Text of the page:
Contact lenses have come a long way since their invention in the 1800s. Contactology is constantly evolving and is always looking for new materials for the production of more eco-sustainable lenses. Furthermore, surveys show that most contact lens wearers would be happy to recycle them, but many don't know how. Despite the efforts of recent years, biodegradable contact lenses don’t exist yet, so each of us must do our part! So where do you throw your contact lenses? We at Vision Direct take the health of the environment very seriously, and in our own small way, we always try to provide you with all the information you need to recycle contact lenses correctly. We will never stop repeating it: recycling is important, and disposing of contact lenses in the right way can make a difference!

Practical tips to avoid throwing your contact lenses down the sink or toilet

Whether you use monthly lenses, two weekly lenses or daily lenses, it doesn't matter. Throwing contact lenses down the sink or toilet is wrong. Here are some tips from our team that might come in handy:

Contact lens on a finger over the sink
  • When at home, if possible, always keep a bin in the bathroom or nearby.
  • When you’re away from home, for example with friends or in a public place where there is no bin, try to keep the used lenses in a handkerchief and then throw them in the unsorted bin as soon as possible.
  • If you are often away from home, take an old lens case with you to store your used contact lenses and then dispose of them as soon as possible. It is so small that it can easily be carried in your purse, backpack or pocket!
  • If you continue to find the correct disposal of contact lenses hard, perhaps it's time to try fortnightly or monthly lenses. They will need to be disposed of in the same way, but less frequently than with disposable contact lenses.
  • Share this simple information with as many friends and relatives as possible. They may not be aware of how harmful it is to throw contact lenses down the sink and toilet. Or they might even give you other helpful tips on how to recycle your lenses!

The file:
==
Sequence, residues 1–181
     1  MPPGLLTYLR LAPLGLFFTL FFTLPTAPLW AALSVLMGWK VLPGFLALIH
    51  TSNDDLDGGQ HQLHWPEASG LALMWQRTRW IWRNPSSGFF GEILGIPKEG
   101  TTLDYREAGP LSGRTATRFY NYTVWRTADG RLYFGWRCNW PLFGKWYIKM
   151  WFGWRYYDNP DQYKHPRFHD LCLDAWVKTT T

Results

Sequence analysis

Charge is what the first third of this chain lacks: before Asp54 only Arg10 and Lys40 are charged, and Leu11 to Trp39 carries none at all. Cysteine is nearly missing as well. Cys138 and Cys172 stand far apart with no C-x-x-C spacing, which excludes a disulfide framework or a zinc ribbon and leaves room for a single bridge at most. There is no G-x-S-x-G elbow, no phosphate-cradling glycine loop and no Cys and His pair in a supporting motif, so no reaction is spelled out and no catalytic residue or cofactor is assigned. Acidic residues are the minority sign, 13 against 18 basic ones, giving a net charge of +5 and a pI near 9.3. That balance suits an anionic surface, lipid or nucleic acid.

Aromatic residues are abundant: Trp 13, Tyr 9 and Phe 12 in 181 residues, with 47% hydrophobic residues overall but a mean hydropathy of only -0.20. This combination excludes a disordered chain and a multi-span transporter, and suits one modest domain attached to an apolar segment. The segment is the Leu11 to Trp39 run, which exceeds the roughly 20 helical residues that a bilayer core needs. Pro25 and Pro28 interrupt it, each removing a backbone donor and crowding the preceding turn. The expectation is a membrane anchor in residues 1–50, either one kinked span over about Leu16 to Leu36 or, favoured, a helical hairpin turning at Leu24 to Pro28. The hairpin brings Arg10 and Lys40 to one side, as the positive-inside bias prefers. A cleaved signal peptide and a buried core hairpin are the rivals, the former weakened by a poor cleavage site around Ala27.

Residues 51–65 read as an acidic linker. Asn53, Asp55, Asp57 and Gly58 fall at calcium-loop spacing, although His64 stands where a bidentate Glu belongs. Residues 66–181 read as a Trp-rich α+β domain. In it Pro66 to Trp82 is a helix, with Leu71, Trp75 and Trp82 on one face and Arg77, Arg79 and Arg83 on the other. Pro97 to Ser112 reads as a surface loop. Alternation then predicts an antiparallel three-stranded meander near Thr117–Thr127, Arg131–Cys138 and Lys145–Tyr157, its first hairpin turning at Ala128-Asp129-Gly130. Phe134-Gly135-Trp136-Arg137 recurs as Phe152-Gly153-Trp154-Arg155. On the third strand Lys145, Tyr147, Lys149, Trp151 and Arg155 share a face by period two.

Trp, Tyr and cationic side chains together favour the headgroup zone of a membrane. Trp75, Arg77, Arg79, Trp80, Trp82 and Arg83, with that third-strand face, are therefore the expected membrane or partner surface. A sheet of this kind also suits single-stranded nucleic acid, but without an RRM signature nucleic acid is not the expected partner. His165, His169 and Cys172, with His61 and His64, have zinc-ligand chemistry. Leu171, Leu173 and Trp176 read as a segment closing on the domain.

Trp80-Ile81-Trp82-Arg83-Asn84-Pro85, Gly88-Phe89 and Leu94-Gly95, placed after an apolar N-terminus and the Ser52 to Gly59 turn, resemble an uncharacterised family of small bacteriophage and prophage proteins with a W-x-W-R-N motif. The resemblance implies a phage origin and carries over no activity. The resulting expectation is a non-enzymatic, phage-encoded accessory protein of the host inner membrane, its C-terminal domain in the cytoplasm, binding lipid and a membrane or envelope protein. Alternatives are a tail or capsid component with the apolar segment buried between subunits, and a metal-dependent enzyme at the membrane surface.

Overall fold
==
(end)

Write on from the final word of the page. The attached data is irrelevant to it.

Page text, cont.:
Where to throw away your contact lenses?

Let's not just focus on the lens itself, but also consider everything that is part of the package. Recycling contact lenses is important, and as you will see, it only takes a few simple steps to respect the environment.

  • Contact lenses: recycling contact lenses is very simple, because they are thrown into the unsorted.
  • Contact lens blister: The lens blister consists of a plastic part and an aluminium tab. Then, separate these two components and throw them into the plastic and aluminium respectively.
  • Maintenance liquid: the liquid contained inside the blister can be safely poured into the sink.
  • Paper packaging: the packaging of your lenses, together with the Vision Direct packaging containing your order, is thrown into the paper and cardboard bin.
  • Lens holder and empty bottle of contact lens solution: Both are made of plastic, so they must be thrown into the appropriate container.

Remember, these are just general guidelines. Each city or municipality may have different rules for the separation of waste, so it is always best to check the area where you live.

Diagram showing what parts of a Vision Direct delivery can be recycled

Vision Direct’s recycling service

Want to make things easier for yourself? Did you know that we offer a free recycling service to our UK customers? If you’re based in the UK, just pop your lenses, blister packs, and used cases back into the packaging we sent your order in, print off a royal mail label, and send your used eye care products back to us for recycling!

Let’s summarise

Do you still have doubts about where to throw your contact lenses? Here is a summary to help you make the right choices and safeguard our planet!

  • Contact lenses are not biodegradable. For this reason, lenses should be disposed of carefully.
  • Contact lenses break down into particles that are not filtered and therefore end up in our seas, increasing water pollution.
  • Contact lenses should never be thrown into the household waste, but thrown into the unsorted.
  • Choosing to replace contact lenses with glasses does not mean making a greener choice. All it takes is a little more attention.